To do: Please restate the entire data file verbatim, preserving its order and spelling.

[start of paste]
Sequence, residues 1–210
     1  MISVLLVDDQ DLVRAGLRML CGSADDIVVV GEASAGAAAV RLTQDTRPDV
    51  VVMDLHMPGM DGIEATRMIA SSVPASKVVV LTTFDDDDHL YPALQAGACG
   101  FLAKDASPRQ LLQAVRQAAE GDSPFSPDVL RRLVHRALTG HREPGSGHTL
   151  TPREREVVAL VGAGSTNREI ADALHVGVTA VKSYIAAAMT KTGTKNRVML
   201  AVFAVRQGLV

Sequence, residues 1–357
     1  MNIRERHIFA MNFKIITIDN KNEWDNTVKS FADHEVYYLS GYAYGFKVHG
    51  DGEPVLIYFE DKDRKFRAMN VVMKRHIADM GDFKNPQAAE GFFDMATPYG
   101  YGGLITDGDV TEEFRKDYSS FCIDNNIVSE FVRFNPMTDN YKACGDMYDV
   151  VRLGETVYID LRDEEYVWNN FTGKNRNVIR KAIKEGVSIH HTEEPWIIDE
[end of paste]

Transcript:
Sequence, residues 1–210
     1  MISVLLVDDQ DLVRAGLRML CGSADDIVVV GEASAGAAAV RLTQDTRPDV
    51  VVMDLHMPGM DGIEATRMIA SSVPASKVVV LTTFDDDDHL YPALQAGACG
   101  FLAKDASPRQ LLQAVRQAAE GDSPFSPDVL RRLVHRALTG HREPGSGHTL
   151  TPREREVVAL VGAGSTNREI ADALHVGVTA VKSYIAAAMT KTGTKNRVML
   201  AVFAVRQGLV

Sequence, residues 1–357
     1  MNIRERHIFA MNFKIITIDN KNEWDNTVKS FADHEVYYLS GYAYGFKVHG
    51  DGEPVLIYFE DKDRKFRAMN VVMKRHIADM GDFKNPQAAE GFFDMATPYG
   101  YGGLITDGDV TEEFRKDYSS FCIDNNIVSE FVRFNPMTDN YKACGDMYDV
   151  VRLGETVYID LRDEEYVWNN FTGKNRNVIR KAIKEGVSIH HTEEPWIIDE